Andrew Doyle: Thought Crimes | Edinburgh Fringe comedy review by Steve Bennett
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Andrew Doyle: Thought Crimes

Note: This review is from 2017

Edinburgh Fringe comedy review by Steve Bennett

Many left-wing comedians are turning on the failings of their own team this Fringe, but few do it as vehemently and eloquently as Andrew Doyle.

He’s long been an advocate of unconditional free speech, and here puts in a passionate argument that dissenting voices – even those of hatred – should be allowed. He is seriously worried how dissent is shut down in the name of liberalism (ironically) and refuses to be silenced by groupthink.

As a Guardian-reading, metropolitan, gay man in the arts, he broadly agrees with the agenda of the left. But he also paints himself as an outsider from orthodoxies across the board. Early in the show, he rejects the hyper-sexualised gay dating scene, but soon moves into even more fertile area of politics.

For as a leftie, he recognises that authoritarian imposition of liberal ideals is counter-productive – and certainly doesn’t buy into the worship of Jeremy Corbyn as some new Messiah, glorified by adoring acolytes at Glastonbury.

On the other side of the fence, he triggers a Tory-supporting audience member when he calls Theresa May a ‘venomous hag’ and the accusation of misogyny rears its head.

This intervention, taking offence at language, is rocket fuel for his argument, and it allows him to ramp the invective up to overdrive. The woman’s interjection is so pertinent you might think her a plant – though it seems more likely that Doyle knows he’s going to upset someone at some point, so has the nuclear option prepped and ready.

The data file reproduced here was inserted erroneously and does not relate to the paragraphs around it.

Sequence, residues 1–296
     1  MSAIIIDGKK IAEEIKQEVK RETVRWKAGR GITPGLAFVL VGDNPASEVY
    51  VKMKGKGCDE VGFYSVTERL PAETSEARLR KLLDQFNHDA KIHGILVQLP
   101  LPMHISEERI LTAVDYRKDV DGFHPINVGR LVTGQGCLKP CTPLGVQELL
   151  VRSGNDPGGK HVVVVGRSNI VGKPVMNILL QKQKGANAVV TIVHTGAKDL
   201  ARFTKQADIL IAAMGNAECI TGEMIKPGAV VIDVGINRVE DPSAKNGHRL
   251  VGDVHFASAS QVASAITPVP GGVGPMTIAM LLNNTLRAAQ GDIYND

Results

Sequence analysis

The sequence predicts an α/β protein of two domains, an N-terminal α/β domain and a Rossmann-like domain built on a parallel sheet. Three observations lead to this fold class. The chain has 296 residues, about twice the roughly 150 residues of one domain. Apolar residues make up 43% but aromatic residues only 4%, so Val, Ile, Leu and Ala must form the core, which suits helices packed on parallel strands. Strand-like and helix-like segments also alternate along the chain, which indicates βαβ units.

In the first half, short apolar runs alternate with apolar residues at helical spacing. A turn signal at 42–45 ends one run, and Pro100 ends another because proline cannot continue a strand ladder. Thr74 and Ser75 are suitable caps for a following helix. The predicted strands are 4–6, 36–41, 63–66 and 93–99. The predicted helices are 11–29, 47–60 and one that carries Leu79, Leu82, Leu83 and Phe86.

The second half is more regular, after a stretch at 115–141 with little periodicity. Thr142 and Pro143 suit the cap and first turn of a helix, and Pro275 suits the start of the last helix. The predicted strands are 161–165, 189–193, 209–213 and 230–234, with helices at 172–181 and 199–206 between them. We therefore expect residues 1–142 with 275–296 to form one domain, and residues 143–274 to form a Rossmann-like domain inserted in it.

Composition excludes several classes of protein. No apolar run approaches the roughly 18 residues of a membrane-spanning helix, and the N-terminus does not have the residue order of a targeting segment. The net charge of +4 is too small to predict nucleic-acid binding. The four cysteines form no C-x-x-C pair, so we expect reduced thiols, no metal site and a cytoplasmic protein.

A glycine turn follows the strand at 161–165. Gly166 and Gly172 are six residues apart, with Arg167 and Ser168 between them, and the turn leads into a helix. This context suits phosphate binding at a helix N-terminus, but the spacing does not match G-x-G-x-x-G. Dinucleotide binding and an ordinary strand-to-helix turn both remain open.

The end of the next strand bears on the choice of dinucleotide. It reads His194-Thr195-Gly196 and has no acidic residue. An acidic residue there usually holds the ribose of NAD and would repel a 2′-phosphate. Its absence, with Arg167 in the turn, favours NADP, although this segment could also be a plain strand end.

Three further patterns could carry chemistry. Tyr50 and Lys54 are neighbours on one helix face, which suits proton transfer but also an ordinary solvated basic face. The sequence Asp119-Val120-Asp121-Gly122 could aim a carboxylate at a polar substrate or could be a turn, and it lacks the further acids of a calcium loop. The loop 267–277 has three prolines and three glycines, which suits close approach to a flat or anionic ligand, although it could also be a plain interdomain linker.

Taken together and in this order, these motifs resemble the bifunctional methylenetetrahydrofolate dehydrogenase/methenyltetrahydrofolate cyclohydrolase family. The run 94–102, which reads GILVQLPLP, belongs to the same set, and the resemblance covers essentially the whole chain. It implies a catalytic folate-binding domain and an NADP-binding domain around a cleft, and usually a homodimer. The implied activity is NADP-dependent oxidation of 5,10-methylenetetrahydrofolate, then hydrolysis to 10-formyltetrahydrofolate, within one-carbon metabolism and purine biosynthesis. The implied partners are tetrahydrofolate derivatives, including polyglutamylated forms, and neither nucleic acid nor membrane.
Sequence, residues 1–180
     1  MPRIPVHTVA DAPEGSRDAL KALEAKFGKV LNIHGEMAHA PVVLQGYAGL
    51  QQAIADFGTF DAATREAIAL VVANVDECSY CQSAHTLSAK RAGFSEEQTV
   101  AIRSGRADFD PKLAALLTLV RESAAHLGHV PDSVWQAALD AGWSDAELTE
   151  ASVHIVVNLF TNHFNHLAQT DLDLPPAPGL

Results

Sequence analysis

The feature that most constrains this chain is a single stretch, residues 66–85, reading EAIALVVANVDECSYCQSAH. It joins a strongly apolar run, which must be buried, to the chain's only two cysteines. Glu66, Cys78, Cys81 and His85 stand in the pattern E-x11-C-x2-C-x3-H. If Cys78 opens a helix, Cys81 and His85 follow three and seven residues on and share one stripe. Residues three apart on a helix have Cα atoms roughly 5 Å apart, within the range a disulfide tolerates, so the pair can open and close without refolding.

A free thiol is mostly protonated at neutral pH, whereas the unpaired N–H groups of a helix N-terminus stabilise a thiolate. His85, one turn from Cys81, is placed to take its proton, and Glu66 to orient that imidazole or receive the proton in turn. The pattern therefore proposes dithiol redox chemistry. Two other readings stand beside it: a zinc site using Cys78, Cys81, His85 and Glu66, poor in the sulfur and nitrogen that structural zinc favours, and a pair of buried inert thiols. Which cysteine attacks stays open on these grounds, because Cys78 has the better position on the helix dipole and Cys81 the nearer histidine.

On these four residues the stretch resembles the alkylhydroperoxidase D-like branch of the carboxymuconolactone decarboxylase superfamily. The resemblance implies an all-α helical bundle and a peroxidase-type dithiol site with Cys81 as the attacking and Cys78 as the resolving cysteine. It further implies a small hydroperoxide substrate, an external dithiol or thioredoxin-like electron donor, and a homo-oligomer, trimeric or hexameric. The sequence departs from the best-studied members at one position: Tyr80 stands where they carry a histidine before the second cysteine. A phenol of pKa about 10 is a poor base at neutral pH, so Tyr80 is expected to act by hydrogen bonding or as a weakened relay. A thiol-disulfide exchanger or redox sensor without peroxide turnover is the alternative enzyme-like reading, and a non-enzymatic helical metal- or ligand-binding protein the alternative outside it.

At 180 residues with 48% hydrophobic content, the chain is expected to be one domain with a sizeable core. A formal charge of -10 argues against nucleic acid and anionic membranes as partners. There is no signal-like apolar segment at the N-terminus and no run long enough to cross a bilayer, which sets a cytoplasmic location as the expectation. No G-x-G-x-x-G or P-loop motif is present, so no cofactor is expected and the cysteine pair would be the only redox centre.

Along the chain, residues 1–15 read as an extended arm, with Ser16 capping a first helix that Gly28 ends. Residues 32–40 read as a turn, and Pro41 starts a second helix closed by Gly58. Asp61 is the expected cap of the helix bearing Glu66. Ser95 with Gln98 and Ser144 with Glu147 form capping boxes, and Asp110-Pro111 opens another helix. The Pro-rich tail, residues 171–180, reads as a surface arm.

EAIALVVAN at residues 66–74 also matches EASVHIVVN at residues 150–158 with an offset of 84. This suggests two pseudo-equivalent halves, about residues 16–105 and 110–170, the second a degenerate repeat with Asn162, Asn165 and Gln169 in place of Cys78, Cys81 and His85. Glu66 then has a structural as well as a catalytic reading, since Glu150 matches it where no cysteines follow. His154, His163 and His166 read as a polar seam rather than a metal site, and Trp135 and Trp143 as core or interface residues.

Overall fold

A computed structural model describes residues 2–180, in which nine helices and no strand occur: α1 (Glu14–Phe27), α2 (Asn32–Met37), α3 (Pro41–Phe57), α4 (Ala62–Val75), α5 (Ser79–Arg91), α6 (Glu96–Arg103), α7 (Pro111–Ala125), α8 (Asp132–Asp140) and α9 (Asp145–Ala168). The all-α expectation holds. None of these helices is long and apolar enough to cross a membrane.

For when this initially good-natured comedian goes into full flow, he becomes as inflamed as the Jonathan Pie rants he co-writes with performer Tom Walker. You can certainly tell that the diatribes of the online fake reporter spring from the same aggrieved brain as this smart and provocative stand-up show, which recognises that not every political argument falls clearly into ‘them’ and ‘us’, never to be cross-pollinated.

This talk of politics and freedom of expression dominates the show, but not at the expense of the comedy. Doyle has fun flirting with a single gay man he finds, dropping in surreal images, teasing the Scots for their educational standards, and getting wound up by bad grammar (maybe there’s some speech he does want to curb – as the train most emphatically does NOT terminate at the end of its journey).

As he describes in the nub of the show, Doyle genuinely seems to be losing left-leaning friends over his stance, which is their loss, for they are losing a sharp, informed and witty dissenter with whom to debate. You don't have to agree with him – that’s the whole damn point – but he’s certainly worth hearing out… and he’ll make you laugh, too.

Review date: 20 Aug 2017
Reviewed by: Steve Bennett

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